Upbringing and Nutrition: What's the Connection?

I began this post with the full intention of telling you about my impending haircut appointment tomorrow.  I thought it was really important to let you know how nervous I am about cutting my hair 10 months before my wedding, considering that it only grows 1/2" per month. As important and earth-shattering as that all is, a post on another blog just really caught my interest.

This is along the "parenting" line, and I'm going to apologize in advance if I alienate anyone (again).  Things are just 'a changin' around here!

The post is called "Why Every Parent Needs a Feeding Strategy", and it is on the Raise Healthy Eaters blog, written by Maryann Tomovich Jacobsen, MS, RD.  I've been reading her blog for a few months now, and I've found it to be an excellent resource.

When I made the decision to seek treatment for my ED, a huge motivating factor was the knowledge that eating disorders tend to run in families.  Oftentimes, Mothers with an eating disorder will also have a daughter with an eating disorder.  I'm not sure if there has been any conclusive research regarding whether this is genetic or environmental, but regardless of the biological cause, the facts scared me.

If the spectrum of eating disorder related disease was in fact environmental, I didn't want to be the reason why my child ended up suffering.

Not on my watch.

Now, a few years post-treatment, I feel as though I have a good base for intuitive eating.  I'm fairly confident in my food choices, and I listen to my body and honor it at least 90% of the time.  That's fine, I'm a big girl.  I make my own decisions.

My challenge is the fact that I learned these habits as an adult.  I don't know how to apply them to children.  Children don't arrive with a manual on how to feed them without causing them stress and anguish.  They don't come with a troubleshooting section in the instructions to diagnose and treat common problems.

kids-eating-ice-cream-cones

How do I raise children that don't obsess about food?

How do I raise children that don't think they're fat?

How do I raise children that are innately confident in their own skin?

This will be my challenge as a mom.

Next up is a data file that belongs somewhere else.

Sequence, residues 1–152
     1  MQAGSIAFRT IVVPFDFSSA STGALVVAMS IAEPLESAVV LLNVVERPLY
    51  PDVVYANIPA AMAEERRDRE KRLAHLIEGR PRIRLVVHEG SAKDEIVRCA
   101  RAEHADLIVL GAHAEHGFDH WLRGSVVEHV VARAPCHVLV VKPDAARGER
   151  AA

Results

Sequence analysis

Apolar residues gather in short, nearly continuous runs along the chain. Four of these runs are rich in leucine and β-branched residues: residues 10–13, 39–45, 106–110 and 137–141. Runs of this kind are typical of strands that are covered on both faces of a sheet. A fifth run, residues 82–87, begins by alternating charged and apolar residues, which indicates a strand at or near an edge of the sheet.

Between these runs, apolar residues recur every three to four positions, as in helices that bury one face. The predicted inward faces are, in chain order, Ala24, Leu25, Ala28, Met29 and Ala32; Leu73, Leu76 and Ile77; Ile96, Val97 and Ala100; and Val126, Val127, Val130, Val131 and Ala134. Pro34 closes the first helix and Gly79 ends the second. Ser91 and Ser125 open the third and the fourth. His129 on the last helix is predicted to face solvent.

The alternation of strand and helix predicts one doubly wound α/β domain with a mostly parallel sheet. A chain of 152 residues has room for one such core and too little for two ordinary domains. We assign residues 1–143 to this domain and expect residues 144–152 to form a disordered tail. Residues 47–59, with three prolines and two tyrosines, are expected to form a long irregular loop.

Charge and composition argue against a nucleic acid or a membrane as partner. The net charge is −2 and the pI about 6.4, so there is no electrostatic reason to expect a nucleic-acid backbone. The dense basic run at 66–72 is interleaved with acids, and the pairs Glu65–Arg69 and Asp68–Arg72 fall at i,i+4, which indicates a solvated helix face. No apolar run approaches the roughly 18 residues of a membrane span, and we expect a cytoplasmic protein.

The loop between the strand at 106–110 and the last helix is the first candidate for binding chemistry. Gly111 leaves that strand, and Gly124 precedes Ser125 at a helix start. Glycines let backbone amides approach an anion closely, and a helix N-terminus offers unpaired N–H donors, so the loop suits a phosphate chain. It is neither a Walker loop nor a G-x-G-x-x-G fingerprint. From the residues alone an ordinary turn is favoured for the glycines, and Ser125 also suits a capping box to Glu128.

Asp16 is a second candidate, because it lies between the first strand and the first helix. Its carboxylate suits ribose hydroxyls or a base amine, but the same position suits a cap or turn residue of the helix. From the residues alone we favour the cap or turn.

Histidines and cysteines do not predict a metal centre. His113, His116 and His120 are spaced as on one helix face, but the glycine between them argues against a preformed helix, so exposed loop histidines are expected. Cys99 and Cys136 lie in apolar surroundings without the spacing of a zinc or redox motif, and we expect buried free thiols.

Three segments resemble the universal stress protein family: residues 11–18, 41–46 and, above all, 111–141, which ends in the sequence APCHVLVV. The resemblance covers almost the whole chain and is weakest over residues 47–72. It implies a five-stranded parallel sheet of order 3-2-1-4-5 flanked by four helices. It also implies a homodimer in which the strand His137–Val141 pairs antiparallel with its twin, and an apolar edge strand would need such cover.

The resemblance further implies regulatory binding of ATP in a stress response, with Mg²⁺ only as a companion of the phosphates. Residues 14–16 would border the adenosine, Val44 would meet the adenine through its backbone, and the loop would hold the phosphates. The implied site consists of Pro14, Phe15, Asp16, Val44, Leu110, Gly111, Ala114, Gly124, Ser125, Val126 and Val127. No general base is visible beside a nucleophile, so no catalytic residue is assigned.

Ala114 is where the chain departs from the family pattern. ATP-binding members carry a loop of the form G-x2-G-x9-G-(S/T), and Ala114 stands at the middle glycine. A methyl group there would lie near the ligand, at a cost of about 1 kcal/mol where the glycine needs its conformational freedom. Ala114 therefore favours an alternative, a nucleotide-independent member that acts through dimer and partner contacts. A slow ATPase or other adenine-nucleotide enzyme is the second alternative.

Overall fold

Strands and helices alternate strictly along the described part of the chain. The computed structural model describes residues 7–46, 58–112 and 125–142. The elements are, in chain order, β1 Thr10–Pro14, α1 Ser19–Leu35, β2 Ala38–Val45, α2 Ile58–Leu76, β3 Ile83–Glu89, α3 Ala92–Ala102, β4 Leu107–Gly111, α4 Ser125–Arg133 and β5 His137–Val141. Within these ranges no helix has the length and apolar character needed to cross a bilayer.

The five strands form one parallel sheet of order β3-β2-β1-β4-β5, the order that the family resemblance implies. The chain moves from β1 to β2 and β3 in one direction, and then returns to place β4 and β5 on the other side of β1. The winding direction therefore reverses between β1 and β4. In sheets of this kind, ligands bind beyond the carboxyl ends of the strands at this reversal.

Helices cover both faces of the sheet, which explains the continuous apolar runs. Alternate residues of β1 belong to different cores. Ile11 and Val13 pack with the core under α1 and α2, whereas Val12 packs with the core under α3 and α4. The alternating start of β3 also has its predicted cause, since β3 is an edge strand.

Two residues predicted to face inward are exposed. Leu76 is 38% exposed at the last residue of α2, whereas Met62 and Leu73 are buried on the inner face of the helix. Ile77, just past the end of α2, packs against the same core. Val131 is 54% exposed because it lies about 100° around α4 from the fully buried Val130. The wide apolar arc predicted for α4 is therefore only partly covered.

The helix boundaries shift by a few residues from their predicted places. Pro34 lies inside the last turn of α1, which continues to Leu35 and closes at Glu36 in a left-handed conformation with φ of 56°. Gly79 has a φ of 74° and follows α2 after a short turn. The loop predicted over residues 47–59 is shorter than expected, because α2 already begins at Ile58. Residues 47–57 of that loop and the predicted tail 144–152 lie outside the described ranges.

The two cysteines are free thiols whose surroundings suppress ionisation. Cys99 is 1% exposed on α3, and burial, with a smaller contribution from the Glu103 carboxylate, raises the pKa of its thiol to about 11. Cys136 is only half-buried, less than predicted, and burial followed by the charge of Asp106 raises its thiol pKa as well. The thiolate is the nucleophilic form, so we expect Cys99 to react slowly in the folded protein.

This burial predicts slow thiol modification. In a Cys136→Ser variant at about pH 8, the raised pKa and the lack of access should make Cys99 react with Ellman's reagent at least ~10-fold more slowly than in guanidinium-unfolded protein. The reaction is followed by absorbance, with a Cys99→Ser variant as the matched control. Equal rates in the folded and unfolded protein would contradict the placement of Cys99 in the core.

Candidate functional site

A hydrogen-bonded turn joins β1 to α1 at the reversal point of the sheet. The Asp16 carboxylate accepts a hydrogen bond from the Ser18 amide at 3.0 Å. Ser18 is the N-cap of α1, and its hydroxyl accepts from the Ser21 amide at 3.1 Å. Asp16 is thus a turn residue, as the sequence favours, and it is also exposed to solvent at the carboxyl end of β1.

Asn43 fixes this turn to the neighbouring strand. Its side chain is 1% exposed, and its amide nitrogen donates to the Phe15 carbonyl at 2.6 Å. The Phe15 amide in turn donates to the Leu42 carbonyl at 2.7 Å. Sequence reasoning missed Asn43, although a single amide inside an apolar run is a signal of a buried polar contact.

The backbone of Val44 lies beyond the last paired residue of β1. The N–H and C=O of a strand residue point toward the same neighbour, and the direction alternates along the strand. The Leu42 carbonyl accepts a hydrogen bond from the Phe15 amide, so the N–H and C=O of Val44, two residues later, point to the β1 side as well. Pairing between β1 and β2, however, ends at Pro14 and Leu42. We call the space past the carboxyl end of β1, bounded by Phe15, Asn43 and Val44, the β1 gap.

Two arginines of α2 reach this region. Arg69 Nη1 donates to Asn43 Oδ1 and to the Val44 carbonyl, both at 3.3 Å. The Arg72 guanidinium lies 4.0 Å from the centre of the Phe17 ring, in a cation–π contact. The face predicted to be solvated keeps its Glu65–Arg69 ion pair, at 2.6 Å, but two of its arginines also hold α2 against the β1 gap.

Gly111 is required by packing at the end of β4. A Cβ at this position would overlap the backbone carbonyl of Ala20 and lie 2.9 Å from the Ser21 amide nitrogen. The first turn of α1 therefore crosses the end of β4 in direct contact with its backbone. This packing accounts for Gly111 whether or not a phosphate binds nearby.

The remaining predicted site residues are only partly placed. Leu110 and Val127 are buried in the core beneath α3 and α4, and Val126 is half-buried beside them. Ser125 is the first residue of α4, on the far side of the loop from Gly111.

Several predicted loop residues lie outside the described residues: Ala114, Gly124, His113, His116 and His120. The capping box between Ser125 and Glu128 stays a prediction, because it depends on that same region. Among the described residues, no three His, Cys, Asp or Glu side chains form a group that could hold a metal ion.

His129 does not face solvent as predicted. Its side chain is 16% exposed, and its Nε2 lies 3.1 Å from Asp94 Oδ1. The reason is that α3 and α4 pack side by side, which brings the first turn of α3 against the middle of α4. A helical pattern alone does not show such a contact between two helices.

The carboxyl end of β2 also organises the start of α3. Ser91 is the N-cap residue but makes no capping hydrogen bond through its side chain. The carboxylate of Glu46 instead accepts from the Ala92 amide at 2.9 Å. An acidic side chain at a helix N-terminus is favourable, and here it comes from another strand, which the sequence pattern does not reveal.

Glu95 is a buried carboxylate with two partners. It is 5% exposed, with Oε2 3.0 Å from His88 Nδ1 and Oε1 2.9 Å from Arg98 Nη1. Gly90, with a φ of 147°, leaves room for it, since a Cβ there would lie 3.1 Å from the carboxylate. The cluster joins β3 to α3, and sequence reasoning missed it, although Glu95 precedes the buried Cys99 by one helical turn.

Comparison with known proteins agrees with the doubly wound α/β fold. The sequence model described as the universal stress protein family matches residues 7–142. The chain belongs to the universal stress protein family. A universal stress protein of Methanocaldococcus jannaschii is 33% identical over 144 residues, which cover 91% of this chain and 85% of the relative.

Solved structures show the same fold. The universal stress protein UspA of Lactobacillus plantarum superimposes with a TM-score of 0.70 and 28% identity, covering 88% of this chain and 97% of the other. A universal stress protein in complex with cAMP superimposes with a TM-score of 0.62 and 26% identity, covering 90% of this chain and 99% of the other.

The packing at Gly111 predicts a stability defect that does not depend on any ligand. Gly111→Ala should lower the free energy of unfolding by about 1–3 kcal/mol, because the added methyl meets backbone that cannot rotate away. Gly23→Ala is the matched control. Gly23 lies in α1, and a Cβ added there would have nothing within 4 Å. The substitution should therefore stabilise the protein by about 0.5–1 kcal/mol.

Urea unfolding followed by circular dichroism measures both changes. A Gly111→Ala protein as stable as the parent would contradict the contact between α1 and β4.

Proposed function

The article posted today on Raising Healthy Eaters addresses some of the common things that parents do which may lead to children developing unhealthy relationships with food:

  • BEING OVERLY STRICT WITH SWEET FOODS: My own mother was very strict with sweet foods.  As a diabetic, she never ate candy or sweets of her own, and we never had "real" soda  or Kool-Aid in the house (like the other kids).  When my brother started eating solid food (I was about 11 or 12), my mother started having sweets in the house.  I vividly remember being completely pissed off that she bought him sweets that my sister and I couldn't eat without getting yelled at.  I also think that my mother used this restriction tactic with me because I was already technically "overweight" by that point.  However...according to the article:

"According to a 2007 review study published in the Journal of Public Health, parents often use restriction to help their overweight children even though research shows it backfires and contributes to further weight gain."

  • MAKING THEM EAT "THIS" BEFORE THEY CAN EAT "THAT":  This was never a problem that I can recall because I ate everything that was put in front of me.  HA!  I'm not joking.  The only time I recall this coming into play is when I wanted more of something, but hadn't eaten the other items on my plate.  According to the article,

"Studies show that asking a child eat a certain food in order to get something else makes them less likely to eat the required food when left to their own devices."

  • HAVING THEM TAKE A FEW MORE BITES BEFORE THEY CAN LEAVE THE TABLE: Like I said, this was not an issue for me, since I was never a picky or light eater, but I definitely see myself doing this with My Gazelle's niece and nephew.  I always have the urge to tell them that they haven't eaten enough, and ask them to eat more.  Who am I to tell them whether they're full or not??  This quote from the author gave me a special "aha" moment:

"I know a lot of parents don’t consider weight a problem for their picky eaters, but we all need to remind ourselves that 6 out of 10 adults are either overweight or obese. Teaching children to listen to their hunger and fullness signals is vital for their future health."

A ha!

So, what this article has shown me (again), is that even as children, we are innately intuitive about what our bodies need.  Although it is not a parents 'job' to allow kids to eat anything and everything, it is our 'job' to create an environment to allow children to make their own intuitive choices.

So, what do you think?

How did your parents have a hand in shaping the way that you view food?

If you have children, what are your own feeding strategies?


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